Marcus Trescothick exclusive interview: My 17-year road back to Pakistan

Marcus Trescothick stood in for Michael Vaughan as captain during the first Test in Multan - Mike Finn-Kelcey/Reuters
Marcus Trescothick stood in for Michael Vaughan as captain during the first Test in Multan - Mike Finn-Kelcey/Reuters

Three members of England’s party in Pakistan were on the side's Test tour of the country in 2005: Marcus Trescothick and Paul Collingwood, now assistant coaches, and James Anderson, an unused youngster turned veteran attack leader.

It has been a long journey back to Pakistan for all of English cricket, but perhaps no one more than Trescothick. It was his tumultuous trip in 2005 that sparked, according to his seminal book Coming Back To Me, “a sequence of events spanning from then until 14 March 2008 that culminated in my retirement from international cricket” due to mental health issues. On that tour, he played his last overseas Test and ODI. He would not complete a cricket-related trip abroad for a decade afterwards.

Pakistan in 2005 was England’s first tour since winning the Ashes for the first time in 18 years, and all the hype and hoopla that came with that. For Trescothick, nearing 30 and one of the best batsmen in the world, it was also his first tour as a father. In so many ways life was good and, with Michael Vaughan injured, he led England in the first Test in Multan. He performed superbly, scoring a brilliant century to set up a chunky first-innings lead.

However, on the second evening of the match, when he was 135 not out, his tour was turned upside down by conversations with his wife, Hayley. She informed him that her father, John, had suffered a very serious head injury falling from a ladder at their new home in Somerset. He was promptly taken into intensive care.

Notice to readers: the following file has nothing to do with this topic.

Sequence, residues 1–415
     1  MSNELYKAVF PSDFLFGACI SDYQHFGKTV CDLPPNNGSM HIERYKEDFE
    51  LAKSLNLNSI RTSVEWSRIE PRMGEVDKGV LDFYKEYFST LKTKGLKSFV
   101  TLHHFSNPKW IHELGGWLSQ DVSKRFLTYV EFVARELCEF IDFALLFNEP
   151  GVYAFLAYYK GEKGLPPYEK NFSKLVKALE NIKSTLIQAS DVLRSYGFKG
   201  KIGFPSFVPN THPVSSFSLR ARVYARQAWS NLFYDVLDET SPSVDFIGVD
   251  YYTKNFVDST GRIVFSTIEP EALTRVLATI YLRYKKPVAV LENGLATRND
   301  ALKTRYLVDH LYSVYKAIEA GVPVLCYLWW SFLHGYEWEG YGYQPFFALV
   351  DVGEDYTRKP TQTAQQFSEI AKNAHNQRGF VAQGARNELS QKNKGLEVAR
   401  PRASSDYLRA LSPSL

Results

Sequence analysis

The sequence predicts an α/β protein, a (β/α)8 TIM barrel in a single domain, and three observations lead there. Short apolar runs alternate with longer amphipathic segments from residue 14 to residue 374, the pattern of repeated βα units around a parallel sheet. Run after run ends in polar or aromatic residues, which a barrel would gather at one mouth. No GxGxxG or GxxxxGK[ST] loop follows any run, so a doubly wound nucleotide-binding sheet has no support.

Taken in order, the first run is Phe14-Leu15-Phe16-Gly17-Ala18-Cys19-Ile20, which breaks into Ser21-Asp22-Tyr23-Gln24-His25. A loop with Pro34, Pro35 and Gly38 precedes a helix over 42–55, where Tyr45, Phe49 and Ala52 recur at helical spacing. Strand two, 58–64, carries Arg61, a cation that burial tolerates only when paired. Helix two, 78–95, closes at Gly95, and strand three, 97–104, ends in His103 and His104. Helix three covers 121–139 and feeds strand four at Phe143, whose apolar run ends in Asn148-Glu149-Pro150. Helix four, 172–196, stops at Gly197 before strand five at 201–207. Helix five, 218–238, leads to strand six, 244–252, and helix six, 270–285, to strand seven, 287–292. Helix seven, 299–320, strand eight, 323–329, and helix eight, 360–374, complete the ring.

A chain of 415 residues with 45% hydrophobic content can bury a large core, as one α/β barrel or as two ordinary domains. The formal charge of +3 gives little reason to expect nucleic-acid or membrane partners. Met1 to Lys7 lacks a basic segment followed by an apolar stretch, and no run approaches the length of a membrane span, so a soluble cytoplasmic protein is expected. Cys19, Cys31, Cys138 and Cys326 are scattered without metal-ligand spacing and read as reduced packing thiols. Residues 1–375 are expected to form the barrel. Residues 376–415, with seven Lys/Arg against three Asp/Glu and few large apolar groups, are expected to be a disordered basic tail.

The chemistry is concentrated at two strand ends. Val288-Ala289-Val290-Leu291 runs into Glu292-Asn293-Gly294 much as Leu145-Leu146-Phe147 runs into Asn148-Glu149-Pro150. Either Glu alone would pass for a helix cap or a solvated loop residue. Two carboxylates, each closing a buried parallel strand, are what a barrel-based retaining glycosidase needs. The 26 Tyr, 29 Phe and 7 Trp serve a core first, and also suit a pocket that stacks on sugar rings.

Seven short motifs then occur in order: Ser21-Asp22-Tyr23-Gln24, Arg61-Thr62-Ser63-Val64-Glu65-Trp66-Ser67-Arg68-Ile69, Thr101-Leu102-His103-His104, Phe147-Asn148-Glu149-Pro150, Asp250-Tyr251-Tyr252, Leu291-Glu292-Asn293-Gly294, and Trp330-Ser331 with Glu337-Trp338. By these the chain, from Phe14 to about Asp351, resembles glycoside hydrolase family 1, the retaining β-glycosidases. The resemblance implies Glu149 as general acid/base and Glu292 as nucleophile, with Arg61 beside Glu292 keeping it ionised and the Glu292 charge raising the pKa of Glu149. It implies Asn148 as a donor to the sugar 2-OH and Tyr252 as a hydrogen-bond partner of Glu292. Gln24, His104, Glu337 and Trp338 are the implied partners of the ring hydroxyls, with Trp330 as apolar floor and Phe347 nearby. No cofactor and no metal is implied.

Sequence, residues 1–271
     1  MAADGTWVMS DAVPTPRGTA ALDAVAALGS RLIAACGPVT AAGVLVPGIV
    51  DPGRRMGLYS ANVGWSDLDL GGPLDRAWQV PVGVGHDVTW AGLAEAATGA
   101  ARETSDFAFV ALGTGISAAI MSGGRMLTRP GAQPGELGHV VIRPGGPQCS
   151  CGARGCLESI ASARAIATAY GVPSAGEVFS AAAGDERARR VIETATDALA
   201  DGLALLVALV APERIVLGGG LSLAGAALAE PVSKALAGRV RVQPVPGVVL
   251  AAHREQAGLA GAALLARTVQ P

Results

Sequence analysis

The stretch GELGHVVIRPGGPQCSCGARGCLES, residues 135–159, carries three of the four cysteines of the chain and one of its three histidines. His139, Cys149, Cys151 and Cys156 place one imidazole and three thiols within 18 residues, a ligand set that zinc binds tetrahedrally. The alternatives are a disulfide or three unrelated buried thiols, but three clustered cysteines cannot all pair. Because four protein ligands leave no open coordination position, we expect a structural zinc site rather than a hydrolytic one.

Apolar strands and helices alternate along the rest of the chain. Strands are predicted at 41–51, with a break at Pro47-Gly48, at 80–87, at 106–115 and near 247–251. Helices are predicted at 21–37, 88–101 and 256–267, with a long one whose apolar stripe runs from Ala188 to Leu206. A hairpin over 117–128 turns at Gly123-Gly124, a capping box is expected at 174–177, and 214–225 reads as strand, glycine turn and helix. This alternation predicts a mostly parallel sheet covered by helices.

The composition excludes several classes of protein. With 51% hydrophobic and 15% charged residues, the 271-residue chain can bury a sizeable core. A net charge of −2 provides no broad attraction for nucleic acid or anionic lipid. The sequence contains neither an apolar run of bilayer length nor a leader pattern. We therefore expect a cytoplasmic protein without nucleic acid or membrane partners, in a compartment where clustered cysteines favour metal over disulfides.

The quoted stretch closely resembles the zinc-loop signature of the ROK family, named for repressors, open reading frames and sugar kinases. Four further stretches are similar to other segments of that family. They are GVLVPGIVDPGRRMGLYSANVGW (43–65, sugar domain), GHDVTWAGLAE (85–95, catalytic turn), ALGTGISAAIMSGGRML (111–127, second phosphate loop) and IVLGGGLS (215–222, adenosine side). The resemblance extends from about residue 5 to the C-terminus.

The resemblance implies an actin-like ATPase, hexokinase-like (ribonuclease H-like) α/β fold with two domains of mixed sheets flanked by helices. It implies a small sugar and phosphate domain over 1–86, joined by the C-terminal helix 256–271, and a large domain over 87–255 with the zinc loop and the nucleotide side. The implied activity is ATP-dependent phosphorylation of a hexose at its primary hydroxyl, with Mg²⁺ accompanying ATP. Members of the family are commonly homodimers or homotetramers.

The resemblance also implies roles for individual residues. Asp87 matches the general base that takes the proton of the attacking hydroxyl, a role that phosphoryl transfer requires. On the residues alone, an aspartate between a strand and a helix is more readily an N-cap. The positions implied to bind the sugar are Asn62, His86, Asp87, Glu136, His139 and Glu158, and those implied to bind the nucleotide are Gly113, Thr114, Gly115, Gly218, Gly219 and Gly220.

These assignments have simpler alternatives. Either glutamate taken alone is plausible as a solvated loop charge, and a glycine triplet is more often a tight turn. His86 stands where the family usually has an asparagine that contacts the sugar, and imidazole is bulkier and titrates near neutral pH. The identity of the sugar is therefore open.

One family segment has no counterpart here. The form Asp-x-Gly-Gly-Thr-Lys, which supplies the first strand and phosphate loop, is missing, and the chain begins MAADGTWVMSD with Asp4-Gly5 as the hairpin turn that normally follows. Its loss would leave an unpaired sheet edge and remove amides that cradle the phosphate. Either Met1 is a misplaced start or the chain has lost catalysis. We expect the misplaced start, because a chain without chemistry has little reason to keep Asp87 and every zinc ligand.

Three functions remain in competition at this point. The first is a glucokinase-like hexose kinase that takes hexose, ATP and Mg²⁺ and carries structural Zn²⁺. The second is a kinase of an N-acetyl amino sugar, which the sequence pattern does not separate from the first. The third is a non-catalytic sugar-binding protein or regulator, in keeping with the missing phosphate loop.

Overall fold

Trescothick batted on to 193, having made initial enquiries with management about travelling home. But on the third evening, the story took another twist. Doctors were keen to learn more about the nature of John’s fall and, by happy – or not – coincidence, Trescothick’s new home had CCTV technology that he was able to watch from his laptop. That evening, he dutifully sat down for what his book describes as the “agonising process” of watching John’s fall in slow motion. “It was like I had just driven past a car crash,” he wrote.

Trescothick scored a brilliant 193 in the first Test in Multan as England narrowly lost - Stu Forster/Getty Images
Trescothick scored a brilliant 193 in the first Test in Multan as England narrowly lost - Stu Forster/Getty Images
Marcus Trescothick - Stu Forster /Getty Images
Marcus Trescothick - Stu Forster /Getty Images

The following morning, when they next spoke, Hayley asked him to come home for the first time. While initially thinking he had to stay (England went on to lose a tight first Test), he did make more enquiries about returning, only to ultimately decide to remain in Pakistan.

While England’s series finished meekly in Lahore and Trescothick could not hit the heights of Multan, the tour remained eventful. He was batting in Faisalabad when a gas canister at the local Pepsi factory exploded, with everyone – him included – believing it was a bomb. “The single most terrifying incident I have experienced on a cricket field,” he recalled. With all players distracted, Trescothick was the first to realise that Shahid Afridi had performed a pirouette on the pitch to rough it up.